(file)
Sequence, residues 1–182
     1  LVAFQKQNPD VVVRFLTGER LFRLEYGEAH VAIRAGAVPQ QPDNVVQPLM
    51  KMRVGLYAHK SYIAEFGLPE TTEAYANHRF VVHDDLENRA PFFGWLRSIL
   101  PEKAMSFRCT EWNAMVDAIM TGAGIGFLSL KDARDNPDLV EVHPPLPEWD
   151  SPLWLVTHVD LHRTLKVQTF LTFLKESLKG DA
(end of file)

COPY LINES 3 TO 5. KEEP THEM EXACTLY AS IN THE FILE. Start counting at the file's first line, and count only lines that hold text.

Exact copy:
    51  KMRVGLYAHK SYIAEFGLPE TTEAYANHRF VVHDDLENRA PFFGWLRSIL
   101  PEKAMSFRCT EWNAMVDAIM TGAGIGFLSL KDARDNPDLV EVHPPLPEWD
   151  SPLWLVTHVD LHRTLKVQTF LTFLKESLKG DA